It’s that time of the year again, when teachers pull out their favourite Martin Luther King quote and Black history references populate your timeline.
This February’s Black History Month once again encourages the nation to cherish black bodies by recognizing their ancestry and celebrating their strength. Over the past few years, however; Black History Month has been viewed with twice as much negativity, or apathy, as positivity. There still remain countless stories of schools refusing to fund Black History Month activities.
People are questioning why we still have Black History Month in 2020 because, in their simplistic views, racism is over. Black people are expected to be grateful because, well, we aren’t slaves anymore. And yet people fail to recognize that we have Black History Month because people still hold the aforementioned ideologies.
Some blame the American people who elected Trump for the acceptance of racial vilification in America. Donald Trump is known for being openly vocal of his many discriminatory and racist beliefs.
When NFL player Colin Kaepernick began taking a knee during the national anthem in protest of police brutality against blacks in America in 2017 Trump commented, “Wouldn’t you love to see one of these NFL owners, when someone disrespects our flag to say, ‘get that son of a bitch off the field right now’.”
Or when, back in the 1980s, in the case of the Central Park Five, there was strong evidence to suggest that five Black and Latino teenagers were coerced into admitting to rape. Yet Trump made a point to buy out a page in the New York Daily News to demand the death penalty of these 14 to 16-year-olds. After years in jail, these boys were later found innocent.
If Trump represents the people, then Americans are to be held responsible for the apathy towards valuing Black stories, and Canada is so closely linked to the States that it is important to recognize how we, too, are affected by the views of the American population.
However, contrary to popular belief, Trump was not elected into presidency by the majority vote of the people. In the 2016 presidential election, Hillary Clinton held 48.2 per cent of the popular vote compared to Donald Trump’s 46.1 per cent. 2.87 million more people voted for Clinton than Trump. Trump won because he received the majority in the Electoral College, with 306 votes compared to Clinton’s 232.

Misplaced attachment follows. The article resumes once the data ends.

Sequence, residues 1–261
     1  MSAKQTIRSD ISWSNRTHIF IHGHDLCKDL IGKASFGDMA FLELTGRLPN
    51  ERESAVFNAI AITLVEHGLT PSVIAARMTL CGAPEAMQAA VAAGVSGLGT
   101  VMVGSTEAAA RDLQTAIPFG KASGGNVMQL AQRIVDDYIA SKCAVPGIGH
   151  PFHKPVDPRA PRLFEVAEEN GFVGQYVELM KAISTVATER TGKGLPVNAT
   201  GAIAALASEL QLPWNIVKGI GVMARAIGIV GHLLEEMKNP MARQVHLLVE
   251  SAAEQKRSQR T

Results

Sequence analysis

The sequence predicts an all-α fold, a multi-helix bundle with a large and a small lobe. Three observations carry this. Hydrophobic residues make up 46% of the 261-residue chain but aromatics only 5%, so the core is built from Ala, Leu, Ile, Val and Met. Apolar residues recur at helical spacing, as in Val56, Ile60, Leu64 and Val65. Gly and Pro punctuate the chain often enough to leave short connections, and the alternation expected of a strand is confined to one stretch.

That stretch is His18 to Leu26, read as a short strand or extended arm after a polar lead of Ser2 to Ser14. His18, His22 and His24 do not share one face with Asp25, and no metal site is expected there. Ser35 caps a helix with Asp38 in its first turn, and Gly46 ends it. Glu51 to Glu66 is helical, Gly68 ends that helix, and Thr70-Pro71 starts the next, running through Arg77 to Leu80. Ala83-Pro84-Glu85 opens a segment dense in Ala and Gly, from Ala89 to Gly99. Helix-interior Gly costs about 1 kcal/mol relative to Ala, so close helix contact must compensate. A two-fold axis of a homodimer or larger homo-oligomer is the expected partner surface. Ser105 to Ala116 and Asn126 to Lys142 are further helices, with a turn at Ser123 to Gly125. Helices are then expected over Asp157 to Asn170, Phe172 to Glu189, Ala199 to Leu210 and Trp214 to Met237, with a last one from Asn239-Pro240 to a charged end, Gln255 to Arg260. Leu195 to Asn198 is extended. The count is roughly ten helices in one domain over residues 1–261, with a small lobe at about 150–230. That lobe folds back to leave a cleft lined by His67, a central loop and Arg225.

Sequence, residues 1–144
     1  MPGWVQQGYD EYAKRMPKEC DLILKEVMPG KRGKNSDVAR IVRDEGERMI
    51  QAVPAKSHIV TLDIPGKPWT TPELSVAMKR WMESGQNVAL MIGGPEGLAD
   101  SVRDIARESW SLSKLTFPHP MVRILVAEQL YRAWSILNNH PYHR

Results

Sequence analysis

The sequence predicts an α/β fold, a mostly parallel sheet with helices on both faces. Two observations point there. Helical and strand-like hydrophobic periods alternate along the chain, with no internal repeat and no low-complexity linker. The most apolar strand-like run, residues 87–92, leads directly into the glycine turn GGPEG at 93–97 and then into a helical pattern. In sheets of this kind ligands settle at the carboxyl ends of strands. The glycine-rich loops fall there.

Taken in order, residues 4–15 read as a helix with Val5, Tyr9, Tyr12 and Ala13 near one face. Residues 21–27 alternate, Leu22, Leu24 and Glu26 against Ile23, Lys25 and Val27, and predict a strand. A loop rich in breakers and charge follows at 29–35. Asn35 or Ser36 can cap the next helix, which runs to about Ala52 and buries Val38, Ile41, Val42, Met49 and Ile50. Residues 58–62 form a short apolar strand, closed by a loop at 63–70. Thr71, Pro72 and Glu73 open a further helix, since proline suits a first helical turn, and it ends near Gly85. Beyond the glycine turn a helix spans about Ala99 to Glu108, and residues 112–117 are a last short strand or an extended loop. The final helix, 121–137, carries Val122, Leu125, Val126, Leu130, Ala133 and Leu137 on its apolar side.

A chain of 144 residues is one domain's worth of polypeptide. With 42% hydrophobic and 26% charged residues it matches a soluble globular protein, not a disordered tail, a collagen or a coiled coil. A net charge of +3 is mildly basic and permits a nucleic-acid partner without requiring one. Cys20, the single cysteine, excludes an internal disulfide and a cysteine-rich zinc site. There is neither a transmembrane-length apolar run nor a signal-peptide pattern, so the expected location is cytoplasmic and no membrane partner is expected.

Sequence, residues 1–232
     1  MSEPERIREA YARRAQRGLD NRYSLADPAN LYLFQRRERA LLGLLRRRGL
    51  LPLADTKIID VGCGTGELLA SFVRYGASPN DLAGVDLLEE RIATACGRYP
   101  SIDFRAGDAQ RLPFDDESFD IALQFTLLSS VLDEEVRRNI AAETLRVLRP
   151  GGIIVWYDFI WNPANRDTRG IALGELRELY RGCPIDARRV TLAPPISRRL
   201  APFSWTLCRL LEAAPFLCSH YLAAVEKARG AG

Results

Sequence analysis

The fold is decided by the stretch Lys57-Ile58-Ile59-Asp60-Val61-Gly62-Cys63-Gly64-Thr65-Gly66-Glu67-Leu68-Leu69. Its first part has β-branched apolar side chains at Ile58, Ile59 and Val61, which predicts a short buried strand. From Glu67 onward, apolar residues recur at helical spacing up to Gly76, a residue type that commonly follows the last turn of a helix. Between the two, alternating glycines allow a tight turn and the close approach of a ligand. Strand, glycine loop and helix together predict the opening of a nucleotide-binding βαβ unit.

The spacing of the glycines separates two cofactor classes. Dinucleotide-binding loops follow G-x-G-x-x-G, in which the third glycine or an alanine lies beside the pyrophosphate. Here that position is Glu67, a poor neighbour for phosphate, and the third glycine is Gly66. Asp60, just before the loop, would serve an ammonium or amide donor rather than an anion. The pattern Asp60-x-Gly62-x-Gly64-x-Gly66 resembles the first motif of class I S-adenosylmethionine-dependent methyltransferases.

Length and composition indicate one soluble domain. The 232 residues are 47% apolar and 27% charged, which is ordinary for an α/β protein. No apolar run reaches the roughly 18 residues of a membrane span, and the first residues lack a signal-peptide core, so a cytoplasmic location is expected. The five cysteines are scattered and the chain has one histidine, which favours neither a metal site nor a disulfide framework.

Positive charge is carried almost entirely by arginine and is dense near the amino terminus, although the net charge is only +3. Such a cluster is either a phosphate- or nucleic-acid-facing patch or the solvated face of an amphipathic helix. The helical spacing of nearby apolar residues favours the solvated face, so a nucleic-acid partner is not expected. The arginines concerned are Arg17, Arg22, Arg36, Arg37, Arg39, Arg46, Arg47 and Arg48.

It is also worth noting, however; that the United States government’s intelligence agencies published a document in January 2017 titled “Background to ‘Assessing Russian Activities and Intentions in Recent US Elections’: The Analytic Process and Cyber Incident Attribution” which highlights how the Russian government interfered with the 2016 elections and aided Trump’s election. This all goes to show that America holds out some hope. That Trump’s ideologies are not nationally shared. So why is it that Black History Month still does not get the recognition it deserves?
Perhaps because many people have never actually celebrated Black history. Many of our institutions here in Canada expose students to a small part of what Black history really is. That part is often limited to portrayal of slavery in the States, the naming of successful African Americans, and the Underground Railroad that led to Canada.
The Land of Freedom. How are Canadians meant to celebrate something they are unfamiliar with? For 250 years, slavery was a crucial part of the economy for the colonies that became Canada, yet that is not the history we are exposed to in class.
From the early 1600s to 1834, Canada participated in the transatlantic slave trade. Slave owners included disbanded soldiers, millers, priests, and nuns. Of the enslaved population, two-thirds were indigenous and one third African — who were twice the price and symbolised status.